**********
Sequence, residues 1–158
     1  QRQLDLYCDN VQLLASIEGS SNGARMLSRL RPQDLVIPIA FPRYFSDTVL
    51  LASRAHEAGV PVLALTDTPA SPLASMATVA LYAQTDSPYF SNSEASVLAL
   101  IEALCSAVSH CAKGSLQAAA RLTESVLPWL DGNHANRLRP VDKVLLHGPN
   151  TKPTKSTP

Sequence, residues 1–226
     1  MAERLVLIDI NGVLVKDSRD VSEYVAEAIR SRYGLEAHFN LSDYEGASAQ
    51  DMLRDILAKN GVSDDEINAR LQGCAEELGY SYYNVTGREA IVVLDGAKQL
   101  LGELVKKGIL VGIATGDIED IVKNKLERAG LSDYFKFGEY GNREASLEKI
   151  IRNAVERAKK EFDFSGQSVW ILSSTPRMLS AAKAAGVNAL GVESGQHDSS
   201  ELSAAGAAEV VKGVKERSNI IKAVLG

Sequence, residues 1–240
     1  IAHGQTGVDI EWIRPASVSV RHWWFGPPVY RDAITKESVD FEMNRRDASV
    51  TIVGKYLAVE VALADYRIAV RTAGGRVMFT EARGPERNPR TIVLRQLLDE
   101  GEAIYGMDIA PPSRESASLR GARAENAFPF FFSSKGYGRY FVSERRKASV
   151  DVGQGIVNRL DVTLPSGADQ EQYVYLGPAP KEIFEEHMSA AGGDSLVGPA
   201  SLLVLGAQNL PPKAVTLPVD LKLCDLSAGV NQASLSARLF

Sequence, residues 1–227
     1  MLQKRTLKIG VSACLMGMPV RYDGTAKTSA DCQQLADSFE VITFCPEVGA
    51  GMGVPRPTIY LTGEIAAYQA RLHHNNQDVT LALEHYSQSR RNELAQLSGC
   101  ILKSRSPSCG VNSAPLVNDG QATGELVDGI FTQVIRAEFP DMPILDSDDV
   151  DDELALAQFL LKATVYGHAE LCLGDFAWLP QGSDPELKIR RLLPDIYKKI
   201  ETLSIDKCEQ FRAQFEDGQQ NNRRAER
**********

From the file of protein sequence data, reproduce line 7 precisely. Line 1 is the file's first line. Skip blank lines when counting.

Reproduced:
     1  MAERLVLIDI NGVLVKDSRD VSEYVAEAIR SRYGLEAHFN LSDYEGASAQ